Monday, January 11, 2010

How News Happens | Project for Excellence in Journalism (PEJ)

Thanks to Fiona in the office for pointing me in the direction of this report. Interesting reading and something I have been suspecting for a while. More on this later.

How News Happens | Project for Excellence in Journalism (PEJ)

Thursday, January 7, 2010

Time to look at the bigger picture

Time to look at the bigger picture

While 2010 is being welcomed with open arms by most of us as an escape from the unrelenting gloom of 2009, it’s worth bearing in mind that we have certainly not had it worst over the past year or so.
We don’t need to look too far from our own shores to see how bad it could have been for this country. Only ECB membership saved us from the fate of Iceland, which has been thrown into complete turmoil by the failure of its banking system. The Icelandic people are being asked to pay back millions lost by external investors when their banks collapsed. At least we are paying only for our own mistakes. Not everyone participated, but that is the nature of a society and of a nation – we are all in this together, whether we caused it or not. Greece, meanwhile, has seen violent clashes and deaths following strikes over the economic crisis and Government policy.
Although we may have to deal with unaccustomed snow and ice in the wake of last month’s overwhelming flooding, and we are still in the grip of the recession, let’s not lose perspective; it’s time to look at the bigger picture.
Media coverage here of both the recession and the adverse weather conditions have tended to drown out the sounds of continuing conflict in places around the world.
However, this week we got a rude awakening with news that two people from Cork were trapped in Egypt after trying to bring a convoy of aid to Gaza via an Egyptian port.
Viva Palestina organises regular convoys of aid to Gaza, with the current one having left Cork on Saturday, 5 December. A number of activists from the Cork to Gaza group were with the convoy and took shelter in a mosque after allegedly coming under fire from Egyptian police. (See for more on this).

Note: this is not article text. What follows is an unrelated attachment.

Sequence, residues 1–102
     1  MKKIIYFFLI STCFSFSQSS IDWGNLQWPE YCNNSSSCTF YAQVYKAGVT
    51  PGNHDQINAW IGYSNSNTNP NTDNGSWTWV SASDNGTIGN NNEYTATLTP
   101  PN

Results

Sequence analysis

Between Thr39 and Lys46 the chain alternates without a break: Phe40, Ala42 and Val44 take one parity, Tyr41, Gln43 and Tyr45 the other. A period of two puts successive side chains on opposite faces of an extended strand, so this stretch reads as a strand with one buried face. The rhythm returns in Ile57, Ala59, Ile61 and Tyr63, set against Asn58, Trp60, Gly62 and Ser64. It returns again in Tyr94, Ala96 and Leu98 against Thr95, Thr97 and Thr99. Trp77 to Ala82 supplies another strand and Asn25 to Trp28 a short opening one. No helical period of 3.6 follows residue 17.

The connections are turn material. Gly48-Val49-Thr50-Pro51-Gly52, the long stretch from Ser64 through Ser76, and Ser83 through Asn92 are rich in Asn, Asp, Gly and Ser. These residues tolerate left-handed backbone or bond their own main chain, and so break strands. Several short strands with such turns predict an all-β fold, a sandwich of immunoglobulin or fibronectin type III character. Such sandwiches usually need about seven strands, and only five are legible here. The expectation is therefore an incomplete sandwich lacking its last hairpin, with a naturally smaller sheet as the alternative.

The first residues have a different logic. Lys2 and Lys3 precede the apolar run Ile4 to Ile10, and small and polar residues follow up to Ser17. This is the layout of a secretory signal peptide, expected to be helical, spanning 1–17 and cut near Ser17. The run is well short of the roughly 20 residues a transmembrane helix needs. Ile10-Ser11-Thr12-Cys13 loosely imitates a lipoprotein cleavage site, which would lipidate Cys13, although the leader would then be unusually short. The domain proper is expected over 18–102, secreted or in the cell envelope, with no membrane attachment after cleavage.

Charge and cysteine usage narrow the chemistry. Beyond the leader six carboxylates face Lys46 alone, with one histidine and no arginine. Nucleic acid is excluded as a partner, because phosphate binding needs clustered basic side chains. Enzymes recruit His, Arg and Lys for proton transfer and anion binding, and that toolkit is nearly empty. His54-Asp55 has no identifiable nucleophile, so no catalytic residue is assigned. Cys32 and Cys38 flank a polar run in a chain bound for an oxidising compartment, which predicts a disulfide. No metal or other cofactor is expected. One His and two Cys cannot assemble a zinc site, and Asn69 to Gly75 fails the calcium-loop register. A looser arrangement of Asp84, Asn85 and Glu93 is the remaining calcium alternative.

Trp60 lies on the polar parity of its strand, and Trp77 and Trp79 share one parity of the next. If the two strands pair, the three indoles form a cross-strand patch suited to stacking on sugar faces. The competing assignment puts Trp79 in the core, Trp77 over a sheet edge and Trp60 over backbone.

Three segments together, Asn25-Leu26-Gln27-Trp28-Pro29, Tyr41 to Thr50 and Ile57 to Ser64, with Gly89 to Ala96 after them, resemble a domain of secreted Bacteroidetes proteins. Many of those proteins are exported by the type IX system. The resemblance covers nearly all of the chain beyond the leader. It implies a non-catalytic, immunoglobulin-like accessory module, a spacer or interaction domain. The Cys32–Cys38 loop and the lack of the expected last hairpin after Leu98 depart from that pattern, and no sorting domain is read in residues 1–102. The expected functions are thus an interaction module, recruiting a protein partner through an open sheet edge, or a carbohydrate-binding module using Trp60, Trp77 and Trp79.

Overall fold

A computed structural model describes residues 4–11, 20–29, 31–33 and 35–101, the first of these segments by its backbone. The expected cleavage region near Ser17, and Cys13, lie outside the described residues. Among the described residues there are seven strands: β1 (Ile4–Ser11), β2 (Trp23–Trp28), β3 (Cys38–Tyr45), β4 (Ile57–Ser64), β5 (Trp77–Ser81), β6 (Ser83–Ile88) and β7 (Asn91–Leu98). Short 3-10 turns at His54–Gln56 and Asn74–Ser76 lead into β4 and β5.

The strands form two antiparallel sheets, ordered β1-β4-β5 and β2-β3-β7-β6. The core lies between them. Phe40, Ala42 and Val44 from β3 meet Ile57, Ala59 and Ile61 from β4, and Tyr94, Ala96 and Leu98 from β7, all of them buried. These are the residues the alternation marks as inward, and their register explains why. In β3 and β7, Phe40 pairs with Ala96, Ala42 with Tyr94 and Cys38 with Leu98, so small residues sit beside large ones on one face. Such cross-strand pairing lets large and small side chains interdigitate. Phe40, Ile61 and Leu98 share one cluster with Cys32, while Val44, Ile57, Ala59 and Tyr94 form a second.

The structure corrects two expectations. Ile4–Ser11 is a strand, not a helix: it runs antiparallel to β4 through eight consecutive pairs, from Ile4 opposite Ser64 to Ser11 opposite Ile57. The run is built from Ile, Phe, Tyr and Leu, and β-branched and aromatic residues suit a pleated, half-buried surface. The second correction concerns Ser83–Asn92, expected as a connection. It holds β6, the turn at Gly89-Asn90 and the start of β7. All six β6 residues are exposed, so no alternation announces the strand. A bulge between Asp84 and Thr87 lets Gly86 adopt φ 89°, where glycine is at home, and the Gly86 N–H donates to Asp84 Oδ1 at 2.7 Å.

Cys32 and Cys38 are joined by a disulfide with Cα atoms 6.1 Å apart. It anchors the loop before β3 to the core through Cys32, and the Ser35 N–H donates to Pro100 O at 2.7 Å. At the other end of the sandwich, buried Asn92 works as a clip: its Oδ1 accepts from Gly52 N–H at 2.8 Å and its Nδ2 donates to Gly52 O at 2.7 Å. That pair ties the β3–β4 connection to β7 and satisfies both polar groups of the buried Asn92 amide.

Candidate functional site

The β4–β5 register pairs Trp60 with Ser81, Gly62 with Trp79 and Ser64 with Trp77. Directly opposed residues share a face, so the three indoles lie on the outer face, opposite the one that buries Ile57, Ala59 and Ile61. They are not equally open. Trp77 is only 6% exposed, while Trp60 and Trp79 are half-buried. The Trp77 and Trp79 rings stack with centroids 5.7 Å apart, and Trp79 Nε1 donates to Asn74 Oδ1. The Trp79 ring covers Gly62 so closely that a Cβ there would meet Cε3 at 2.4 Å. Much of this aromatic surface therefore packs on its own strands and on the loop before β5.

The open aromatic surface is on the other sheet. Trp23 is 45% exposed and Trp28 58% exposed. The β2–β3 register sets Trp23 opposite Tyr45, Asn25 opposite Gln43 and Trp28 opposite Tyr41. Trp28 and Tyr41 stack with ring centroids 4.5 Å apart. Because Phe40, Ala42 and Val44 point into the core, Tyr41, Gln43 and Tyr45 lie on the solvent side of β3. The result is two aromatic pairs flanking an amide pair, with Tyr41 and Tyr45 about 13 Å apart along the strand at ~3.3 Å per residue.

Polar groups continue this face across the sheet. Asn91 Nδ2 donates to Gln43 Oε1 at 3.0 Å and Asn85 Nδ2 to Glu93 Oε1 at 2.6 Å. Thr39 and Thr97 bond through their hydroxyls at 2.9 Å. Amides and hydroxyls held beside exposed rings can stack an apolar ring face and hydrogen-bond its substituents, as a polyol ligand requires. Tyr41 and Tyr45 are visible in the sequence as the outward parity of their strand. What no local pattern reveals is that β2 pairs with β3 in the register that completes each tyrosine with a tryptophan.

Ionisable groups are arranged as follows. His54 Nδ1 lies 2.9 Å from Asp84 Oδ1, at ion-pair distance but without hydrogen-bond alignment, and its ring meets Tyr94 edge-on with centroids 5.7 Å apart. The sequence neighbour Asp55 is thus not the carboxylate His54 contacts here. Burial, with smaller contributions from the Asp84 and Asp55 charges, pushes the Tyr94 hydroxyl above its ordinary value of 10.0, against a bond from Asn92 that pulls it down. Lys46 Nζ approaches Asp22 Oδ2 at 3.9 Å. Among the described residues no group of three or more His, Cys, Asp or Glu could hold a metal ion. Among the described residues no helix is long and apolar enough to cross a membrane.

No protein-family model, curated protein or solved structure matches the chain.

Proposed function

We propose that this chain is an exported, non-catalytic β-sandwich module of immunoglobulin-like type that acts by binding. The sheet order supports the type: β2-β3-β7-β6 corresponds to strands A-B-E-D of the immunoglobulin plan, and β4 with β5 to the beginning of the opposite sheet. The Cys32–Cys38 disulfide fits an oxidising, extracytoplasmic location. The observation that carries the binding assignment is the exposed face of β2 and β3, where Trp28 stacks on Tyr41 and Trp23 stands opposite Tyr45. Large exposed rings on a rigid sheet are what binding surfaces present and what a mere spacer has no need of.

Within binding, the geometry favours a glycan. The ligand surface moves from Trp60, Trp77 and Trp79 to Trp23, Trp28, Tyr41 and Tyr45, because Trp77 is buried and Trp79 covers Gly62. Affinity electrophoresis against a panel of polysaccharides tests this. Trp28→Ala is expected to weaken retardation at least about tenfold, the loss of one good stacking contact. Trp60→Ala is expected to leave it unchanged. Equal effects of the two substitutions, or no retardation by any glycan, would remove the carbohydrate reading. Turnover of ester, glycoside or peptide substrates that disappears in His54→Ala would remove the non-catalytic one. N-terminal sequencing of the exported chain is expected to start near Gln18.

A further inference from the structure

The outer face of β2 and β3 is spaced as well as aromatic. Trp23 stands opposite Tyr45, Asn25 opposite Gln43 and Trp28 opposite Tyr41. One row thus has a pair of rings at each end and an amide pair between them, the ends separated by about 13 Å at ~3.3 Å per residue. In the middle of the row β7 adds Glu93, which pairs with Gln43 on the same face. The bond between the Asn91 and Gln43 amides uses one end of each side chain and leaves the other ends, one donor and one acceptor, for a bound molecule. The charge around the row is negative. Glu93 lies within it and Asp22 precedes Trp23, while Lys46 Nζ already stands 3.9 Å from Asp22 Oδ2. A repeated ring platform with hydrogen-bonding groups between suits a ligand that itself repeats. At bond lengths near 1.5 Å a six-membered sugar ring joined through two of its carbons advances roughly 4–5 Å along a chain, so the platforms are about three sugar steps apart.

While we wish those people the best with their mission and hope they return safely, it’s notable that this is the first coverage Palestine has been given in Ireland in recent months.
Taking the time to move beyond the Irish media shows us that, contrary to popular discourse here, we are not having it worse than everyone else.
Besides the better-known problems in Palestine, Afghanistan and Iraq, all of which are seeing regular deaths, there are conflicts ongoing in Kashmir, Azerbaijan, Uganda, Democratic Republic of Congo, Sudan, Colombia, Somalia and nearer, Chechnya.
While many people here are suffering money worries and worse, it’s worth remembering that this is a country in which you are unlikely to die as a result of conflict. While we may have problems, from adult literacy to operation waiting lists, we have, mostly, excellent schools and hospitals. We may be seeing a drop in quality of life – but we are dropping from the best place to live, to somewhere within the top 20. Time to look at the bigger picture – it’s not perfect, but it could be a hell of a lot worse.